Will Nutter support a new police review board?

    Philadelphia City Councilman Curtis Jones, just starting his second term in Council has achieved the lofty rank of majority leader and as such has issued his legislative agenda for the coming term.

    (This is not something Council members generally do. Most hide in their offices and react to what comes).

    Among Jones’ plans: the creation of “an independent Police Review Commission with an enhanced composition to govern the investigation of complaints alleging misconduct.”

    Jones wants a city charter change to establish the commission, and would require the commission to publish an annual report providing “the number of complaints received for the period covered by the report; a breakdown of the complainants by race, gender, sexual orientation, and age, if known; the disposition of all complaints, including any complaints that were still active at the close of the previous reporting period; and the number of complainants who had a pending charge against them.”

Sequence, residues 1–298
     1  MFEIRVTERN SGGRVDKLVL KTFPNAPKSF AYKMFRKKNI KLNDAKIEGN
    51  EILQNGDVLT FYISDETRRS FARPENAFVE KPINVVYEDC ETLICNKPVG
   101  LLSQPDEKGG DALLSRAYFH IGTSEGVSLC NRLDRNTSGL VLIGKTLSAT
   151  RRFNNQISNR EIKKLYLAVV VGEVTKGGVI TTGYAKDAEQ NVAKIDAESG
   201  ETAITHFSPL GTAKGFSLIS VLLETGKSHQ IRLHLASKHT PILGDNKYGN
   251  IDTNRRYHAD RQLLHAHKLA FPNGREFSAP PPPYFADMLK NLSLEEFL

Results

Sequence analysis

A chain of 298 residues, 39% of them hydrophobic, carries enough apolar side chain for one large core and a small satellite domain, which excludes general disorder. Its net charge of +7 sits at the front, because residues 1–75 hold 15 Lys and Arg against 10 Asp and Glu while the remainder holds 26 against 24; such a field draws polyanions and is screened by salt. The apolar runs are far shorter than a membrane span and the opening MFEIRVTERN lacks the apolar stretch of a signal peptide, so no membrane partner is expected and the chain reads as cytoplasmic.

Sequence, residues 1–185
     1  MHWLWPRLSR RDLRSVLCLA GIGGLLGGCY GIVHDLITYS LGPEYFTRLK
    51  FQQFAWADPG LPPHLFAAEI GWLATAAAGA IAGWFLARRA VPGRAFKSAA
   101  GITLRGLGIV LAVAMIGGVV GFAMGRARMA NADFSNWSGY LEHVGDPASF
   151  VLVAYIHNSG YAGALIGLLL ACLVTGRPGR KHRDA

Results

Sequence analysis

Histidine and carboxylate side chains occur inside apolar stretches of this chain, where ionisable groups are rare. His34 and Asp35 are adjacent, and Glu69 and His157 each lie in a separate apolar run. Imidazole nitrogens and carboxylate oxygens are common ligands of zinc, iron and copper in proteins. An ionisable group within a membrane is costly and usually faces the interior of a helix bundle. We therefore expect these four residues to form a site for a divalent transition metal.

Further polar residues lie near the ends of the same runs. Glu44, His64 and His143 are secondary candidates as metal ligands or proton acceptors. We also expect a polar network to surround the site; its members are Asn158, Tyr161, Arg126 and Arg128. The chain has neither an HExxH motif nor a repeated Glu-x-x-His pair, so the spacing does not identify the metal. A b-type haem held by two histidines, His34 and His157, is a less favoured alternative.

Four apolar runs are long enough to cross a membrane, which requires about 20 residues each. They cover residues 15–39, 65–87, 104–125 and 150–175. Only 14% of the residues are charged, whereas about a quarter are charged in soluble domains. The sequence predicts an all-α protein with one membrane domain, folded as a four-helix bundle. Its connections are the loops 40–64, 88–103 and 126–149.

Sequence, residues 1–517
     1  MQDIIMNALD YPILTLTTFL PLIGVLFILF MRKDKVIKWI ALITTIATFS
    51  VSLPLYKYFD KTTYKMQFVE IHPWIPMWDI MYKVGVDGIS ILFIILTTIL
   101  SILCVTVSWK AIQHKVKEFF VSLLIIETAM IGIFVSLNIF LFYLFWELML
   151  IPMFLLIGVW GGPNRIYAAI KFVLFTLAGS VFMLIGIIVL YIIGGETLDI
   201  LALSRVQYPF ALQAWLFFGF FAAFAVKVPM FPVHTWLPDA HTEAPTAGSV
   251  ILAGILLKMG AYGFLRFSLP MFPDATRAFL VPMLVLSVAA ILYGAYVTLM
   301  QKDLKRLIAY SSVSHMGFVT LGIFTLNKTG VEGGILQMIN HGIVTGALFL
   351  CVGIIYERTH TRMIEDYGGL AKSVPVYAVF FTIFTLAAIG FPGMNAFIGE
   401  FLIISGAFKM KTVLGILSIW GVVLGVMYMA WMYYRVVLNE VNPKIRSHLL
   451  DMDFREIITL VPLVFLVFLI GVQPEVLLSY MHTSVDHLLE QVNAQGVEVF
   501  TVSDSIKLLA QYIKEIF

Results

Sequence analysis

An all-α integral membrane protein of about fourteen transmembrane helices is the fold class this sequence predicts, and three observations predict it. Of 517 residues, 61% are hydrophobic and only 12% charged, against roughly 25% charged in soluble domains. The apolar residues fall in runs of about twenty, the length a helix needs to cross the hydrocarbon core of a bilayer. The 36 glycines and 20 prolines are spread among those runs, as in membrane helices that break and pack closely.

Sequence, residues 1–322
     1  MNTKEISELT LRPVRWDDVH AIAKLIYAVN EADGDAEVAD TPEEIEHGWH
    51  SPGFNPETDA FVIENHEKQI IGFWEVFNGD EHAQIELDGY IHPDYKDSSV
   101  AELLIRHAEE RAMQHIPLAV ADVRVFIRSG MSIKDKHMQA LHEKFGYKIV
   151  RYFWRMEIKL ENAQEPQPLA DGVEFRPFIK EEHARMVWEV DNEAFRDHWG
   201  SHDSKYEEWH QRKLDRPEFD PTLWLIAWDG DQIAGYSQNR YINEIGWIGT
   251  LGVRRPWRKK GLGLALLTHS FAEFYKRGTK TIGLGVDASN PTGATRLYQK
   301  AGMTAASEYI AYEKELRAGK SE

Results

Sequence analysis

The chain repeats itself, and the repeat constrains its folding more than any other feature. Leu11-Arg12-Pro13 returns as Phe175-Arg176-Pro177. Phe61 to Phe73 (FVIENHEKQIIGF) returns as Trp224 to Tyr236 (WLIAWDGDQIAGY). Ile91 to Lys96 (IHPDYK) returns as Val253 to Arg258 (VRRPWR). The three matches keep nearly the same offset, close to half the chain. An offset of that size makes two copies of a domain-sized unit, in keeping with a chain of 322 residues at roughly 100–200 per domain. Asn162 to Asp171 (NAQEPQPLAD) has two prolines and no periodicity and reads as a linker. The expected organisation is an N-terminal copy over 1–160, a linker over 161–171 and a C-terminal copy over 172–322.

It’s generally acknowledged that the current Police Advisory Commission established in the 1990’s has become ineffective.

    A fascinating question is how Mayor Nutter will react to Jones’ initiative. Twenty years ago Nutter was a Council freshman in the seat Jones now holds, and he pushed hard for the creation of a civilian review panel, an effort that led to the current commission.

    I’m guessing the mayor, like Ed Rendell in the 1990’s, will resist the creation of such a body.

    In other news, a flower of bi-partisanship is blooming in Montgomery County.

    Frank Custer, who as spokesman for the Democratic team in the commissioners’ race last year regularly hammered Republican Commission Bruce Castor, has done the former DA a kind turn.

    Yesterday Custer issued a press release which began as follows:

    “If you are home Saturday night, flip on the TV to the Investigation Discovery (ID) channel and catch Montgomery County Commissioner and former county District Attorney Bruce Castor giving expert commentary on a crime show detailing the Craig Rabinowitz case in Lower Merion in 1997.”

    Nice work, Frank. If they had that kind of attitude in Congress, we could get the deficit under control.

    Want a digest of WHYY’s programs, events & stories? Sign up for our weekly newsletter.

    It will take 126,000 members this year for great news and programs to thrive. Help us get to 100% of the goal.